Breaking News

Apple's third-party payments offer isn't enough for Dutch regulators

Apple's third-party payments offer isn't enough for Dutch regulators

According to 9to5Mac and the Coalition for App Fairness, the Netherlands Authority for Consumers and Markets (or ACM) has reportedly rejected Apple's proposed App Store changes that would let dating app developers use third-party payment systems. The Dutch regulator ordered the change in December and is going back and forth with the company on how it should be implemented - and fined Apple millions along the way. Now, Apple may face further penalties.

According to a journalist's tweet translated by 9to5Mac, the regulator says Apple's most recent proposal to let developers use third-party payment systems is an "improvement" on its previous ideas, but it is still "European". And it's not enough to comply with Dutch rules." Apple and ACM did not immediately respond to The Verge's request for comment.

Apple's latest proposal, which it submitted on March 27, states that dating app devs can use either a third-party payment system or Apple, not both, and that developers should warn users that they can't use Apple's payment system. cannot use. were supposed to interact with the system. not hold. The same applies when a developer sends users to their site to complete a purchase.

Apple also said that developers using alternative payment systems will still have to pay the company a 27 percent commission on in-app sales, while it takes 30 percent from most in-app payments using its system. (If developers made less than $1 million in annual revenue, that would be highly unfavorable compared to Apple's small business program rate of 15 percent.)

Apple previously proposed that dating app developers - those affected only by the ACM's order - would have to submit separate versions of their apps for the Netherlands. Its plan dropped that requirement in March after the regulator dismissed a previous proposal as being "unfair."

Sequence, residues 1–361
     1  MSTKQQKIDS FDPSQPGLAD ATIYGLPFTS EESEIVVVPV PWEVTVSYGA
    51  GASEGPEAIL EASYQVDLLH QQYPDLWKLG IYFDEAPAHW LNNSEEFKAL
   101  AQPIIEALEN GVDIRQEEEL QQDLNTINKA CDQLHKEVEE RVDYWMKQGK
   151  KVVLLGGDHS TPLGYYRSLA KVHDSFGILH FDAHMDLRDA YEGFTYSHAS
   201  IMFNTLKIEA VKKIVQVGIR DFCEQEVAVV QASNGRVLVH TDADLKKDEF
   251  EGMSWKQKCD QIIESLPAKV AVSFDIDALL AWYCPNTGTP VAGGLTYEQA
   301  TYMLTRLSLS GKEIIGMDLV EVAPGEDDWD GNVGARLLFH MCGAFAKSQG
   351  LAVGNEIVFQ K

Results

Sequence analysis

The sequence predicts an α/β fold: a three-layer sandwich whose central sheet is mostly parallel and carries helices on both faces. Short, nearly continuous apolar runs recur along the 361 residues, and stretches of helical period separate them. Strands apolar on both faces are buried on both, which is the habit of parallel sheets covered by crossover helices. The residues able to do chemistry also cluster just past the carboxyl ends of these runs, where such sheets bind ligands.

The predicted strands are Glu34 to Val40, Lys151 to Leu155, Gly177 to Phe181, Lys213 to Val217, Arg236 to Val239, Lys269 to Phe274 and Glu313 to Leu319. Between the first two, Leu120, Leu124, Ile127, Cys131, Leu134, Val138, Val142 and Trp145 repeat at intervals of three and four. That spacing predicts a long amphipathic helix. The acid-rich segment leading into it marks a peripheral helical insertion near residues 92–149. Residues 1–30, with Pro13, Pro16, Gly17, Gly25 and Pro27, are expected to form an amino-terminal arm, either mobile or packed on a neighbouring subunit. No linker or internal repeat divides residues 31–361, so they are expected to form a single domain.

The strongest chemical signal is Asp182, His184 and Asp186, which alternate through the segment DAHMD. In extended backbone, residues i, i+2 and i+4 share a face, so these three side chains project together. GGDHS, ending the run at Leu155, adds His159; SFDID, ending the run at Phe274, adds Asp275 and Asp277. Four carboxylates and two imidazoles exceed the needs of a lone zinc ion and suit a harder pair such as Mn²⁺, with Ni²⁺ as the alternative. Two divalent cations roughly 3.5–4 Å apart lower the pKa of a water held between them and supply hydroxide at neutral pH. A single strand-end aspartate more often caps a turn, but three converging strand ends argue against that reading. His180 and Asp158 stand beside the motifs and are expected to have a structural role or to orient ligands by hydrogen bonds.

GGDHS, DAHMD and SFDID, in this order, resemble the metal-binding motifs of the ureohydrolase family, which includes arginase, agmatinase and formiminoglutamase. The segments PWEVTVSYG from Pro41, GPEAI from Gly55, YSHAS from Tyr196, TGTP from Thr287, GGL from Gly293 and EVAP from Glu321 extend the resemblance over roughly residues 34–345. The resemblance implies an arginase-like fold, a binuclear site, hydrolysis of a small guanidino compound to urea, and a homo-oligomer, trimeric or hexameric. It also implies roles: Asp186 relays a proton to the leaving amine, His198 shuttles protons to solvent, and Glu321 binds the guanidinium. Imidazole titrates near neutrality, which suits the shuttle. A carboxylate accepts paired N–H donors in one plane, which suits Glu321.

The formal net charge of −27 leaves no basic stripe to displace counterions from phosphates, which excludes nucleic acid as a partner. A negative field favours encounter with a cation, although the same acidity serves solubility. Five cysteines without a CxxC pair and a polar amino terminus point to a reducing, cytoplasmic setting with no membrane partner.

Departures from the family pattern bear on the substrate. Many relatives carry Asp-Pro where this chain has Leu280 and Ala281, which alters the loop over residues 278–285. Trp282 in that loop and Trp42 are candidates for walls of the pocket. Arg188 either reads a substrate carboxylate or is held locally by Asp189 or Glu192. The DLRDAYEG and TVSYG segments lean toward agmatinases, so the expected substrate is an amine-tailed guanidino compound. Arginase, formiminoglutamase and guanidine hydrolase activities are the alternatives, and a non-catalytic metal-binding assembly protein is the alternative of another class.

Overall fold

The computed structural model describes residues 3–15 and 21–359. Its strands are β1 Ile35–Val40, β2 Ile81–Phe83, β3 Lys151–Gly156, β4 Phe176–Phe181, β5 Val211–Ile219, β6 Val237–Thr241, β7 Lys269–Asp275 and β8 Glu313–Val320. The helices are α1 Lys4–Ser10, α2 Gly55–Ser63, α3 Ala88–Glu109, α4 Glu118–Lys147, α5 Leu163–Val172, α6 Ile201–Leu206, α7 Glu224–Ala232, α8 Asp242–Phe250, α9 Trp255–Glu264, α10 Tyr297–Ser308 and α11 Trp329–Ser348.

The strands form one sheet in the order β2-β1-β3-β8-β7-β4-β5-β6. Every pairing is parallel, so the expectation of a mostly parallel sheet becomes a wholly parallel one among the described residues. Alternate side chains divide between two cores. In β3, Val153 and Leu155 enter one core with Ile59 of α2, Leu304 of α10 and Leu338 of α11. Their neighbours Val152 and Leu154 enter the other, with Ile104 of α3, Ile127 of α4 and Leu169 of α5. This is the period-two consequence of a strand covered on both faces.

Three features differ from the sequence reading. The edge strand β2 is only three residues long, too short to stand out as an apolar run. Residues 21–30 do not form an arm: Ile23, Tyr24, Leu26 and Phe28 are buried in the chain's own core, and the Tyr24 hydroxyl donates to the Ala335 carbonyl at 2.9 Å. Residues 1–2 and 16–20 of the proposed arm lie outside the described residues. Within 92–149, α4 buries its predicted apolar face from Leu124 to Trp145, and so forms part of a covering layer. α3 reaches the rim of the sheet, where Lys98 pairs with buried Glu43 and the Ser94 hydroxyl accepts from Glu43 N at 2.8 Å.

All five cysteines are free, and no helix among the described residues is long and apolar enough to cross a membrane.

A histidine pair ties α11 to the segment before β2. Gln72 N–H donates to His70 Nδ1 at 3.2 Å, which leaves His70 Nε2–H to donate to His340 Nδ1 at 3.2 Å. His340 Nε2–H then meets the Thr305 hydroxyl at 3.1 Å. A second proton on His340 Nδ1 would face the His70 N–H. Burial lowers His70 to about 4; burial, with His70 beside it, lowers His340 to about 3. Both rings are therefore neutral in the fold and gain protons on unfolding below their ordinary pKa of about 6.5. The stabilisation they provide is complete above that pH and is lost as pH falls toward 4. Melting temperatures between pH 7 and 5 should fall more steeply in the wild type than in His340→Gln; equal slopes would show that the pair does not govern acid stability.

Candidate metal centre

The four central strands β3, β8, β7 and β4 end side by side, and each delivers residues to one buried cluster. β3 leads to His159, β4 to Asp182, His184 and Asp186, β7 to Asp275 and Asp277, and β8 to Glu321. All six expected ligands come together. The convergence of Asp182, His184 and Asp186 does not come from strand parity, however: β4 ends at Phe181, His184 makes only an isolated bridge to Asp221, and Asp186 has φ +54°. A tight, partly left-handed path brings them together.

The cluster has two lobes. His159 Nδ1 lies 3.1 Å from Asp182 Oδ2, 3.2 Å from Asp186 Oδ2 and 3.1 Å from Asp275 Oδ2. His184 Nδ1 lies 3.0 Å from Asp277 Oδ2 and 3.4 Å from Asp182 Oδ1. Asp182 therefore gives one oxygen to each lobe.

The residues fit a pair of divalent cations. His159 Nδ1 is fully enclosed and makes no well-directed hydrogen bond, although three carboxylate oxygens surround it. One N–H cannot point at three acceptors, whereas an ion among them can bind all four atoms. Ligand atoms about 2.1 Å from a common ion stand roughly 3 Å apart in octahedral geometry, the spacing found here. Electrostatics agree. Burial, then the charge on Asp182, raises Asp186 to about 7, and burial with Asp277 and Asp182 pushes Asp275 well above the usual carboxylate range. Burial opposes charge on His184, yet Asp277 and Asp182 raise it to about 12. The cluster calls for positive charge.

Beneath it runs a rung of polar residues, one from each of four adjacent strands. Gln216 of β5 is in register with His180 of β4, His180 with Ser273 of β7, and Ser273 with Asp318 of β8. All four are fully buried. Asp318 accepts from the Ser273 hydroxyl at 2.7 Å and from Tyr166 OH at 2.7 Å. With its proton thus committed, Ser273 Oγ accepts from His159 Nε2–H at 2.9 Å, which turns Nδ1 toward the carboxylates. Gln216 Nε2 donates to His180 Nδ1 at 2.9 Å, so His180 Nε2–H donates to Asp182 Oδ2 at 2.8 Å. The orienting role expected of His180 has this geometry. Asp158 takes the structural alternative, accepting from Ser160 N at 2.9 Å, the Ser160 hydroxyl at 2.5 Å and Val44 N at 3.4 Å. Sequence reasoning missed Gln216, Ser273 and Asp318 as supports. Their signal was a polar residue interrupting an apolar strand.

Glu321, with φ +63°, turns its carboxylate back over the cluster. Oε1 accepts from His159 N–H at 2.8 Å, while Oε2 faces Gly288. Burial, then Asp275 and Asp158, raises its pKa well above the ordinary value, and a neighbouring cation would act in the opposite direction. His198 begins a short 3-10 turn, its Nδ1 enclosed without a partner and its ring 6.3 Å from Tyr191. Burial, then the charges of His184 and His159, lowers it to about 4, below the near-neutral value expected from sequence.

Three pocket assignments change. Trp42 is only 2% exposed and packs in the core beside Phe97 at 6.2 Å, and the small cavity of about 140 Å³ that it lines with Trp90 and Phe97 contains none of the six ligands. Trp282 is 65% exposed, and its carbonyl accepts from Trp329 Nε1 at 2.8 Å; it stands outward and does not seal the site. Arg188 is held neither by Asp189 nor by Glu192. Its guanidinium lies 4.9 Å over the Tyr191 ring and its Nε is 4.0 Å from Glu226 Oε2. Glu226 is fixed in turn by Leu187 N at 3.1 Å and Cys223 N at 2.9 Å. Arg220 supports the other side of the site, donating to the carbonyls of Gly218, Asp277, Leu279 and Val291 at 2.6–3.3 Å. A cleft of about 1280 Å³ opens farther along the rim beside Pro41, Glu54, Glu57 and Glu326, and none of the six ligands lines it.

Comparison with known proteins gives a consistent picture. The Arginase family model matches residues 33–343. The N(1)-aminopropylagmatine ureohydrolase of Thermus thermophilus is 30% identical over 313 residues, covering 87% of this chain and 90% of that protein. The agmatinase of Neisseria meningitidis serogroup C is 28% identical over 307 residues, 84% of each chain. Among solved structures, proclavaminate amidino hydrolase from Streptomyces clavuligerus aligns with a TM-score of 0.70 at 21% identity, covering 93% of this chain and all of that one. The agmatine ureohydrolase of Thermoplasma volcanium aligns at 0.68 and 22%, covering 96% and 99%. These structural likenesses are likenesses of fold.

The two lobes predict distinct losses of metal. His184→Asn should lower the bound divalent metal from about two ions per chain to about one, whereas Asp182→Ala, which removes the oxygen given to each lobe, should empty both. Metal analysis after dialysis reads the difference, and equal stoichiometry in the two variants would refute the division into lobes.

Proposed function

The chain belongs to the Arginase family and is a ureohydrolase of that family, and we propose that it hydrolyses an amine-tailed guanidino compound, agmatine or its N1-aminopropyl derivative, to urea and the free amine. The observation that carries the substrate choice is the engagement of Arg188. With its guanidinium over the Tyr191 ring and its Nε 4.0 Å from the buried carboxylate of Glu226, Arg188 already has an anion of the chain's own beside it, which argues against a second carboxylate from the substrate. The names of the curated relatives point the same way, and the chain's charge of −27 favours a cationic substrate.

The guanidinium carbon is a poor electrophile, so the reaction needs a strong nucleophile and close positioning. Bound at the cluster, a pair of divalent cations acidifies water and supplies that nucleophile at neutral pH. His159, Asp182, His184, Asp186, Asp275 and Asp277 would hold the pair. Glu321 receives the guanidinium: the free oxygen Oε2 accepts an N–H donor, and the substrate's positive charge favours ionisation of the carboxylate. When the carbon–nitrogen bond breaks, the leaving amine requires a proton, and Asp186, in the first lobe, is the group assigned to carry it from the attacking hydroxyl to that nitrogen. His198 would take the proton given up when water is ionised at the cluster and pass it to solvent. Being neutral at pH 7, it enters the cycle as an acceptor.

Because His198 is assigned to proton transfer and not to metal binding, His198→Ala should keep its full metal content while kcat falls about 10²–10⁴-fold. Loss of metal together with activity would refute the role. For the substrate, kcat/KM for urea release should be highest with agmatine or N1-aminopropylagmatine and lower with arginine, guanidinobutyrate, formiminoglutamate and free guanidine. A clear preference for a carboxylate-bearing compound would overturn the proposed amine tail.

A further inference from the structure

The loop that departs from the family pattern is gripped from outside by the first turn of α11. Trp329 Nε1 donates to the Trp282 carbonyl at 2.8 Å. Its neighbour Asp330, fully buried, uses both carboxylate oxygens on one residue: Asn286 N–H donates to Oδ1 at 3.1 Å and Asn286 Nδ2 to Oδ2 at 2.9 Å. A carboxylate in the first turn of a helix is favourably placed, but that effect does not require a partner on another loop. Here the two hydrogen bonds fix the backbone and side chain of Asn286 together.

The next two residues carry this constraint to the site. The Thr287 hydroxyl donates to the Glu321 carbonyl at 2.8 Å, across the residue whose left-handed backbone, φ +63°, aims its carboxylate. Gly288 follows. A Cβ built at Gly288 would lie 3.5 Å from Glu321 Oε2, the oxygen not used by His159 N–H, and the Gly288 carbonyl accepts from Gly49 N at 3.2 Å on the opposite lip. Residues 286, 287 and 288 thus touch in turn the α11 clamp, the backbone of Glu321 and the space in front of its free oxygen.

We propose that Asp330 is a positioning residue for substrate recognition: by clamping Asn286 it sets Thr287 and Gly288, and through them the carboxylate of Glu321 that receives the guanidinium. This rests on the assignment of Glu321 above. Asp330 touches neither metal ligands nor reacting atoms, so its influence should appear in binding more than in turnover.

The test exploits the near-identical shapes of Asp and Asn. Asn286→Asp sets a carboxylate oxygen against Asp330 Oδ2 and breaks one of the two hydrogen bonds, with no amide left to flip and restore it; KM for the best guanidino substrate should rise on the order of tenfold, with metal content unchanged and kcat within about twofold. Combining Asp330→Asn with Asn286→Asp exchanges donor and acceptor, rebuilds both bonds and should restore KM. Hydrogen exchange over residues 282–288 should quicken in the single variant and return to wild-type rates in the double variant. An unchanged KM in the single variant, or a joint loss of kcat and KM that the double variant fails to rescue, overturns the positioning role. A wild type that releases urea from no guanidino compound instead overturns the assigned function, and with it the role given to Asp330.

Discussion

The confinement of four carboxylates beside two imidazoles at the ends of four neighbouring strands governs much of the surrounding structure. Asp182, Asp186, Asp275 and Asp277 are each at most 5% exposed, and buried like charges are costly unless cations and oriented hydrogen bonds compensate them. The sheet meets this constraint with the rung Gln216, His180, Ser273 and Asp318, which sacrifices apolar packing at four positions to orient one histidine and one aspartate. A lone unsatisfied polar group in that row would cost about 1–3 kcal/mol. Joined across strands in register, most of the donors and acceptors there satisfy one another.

In late March, ACM said it was evaluating Apple's proposal after the company was fined $55 million. The regulator said it may "impose another order (possibly this time with greater penalties) subject to payment of the penalty from time to time" if it found that Apple's proposal was not sufficient. It was evaluating penalties on a weekly basis, charging the company €5 million (about $5.6 million) each week it did not comply with – up to a maximum of €50 million (about $55 million at the time). Now that the limit has been crossed, the regulator is reportedly working on additional penalties, saying the original "was not the desired outcome."

The Coalition for App Fairness has applauded ACM's decision. The advocacy group, made up of companies such as Epic Games, Spotify, Basecamp and Match Group (which makes dating apps like Tinder, and OKCupid), is protesting the App Store's high fees and role. a wonderful place. To get software for iPhone and iPad. In a statement released on Monday, the group said it "stands to support ACM as it continues to seek fair treatment and remedies for developers," even as Apple is "at all costs" " is. The monopoly is trying hard to protect the power.

The coalition also said that Apple's rejected proposal "imposed unnecessary requirements that create friction, intended to discourage dating app developers from taking advantage of the ACM order."

No comments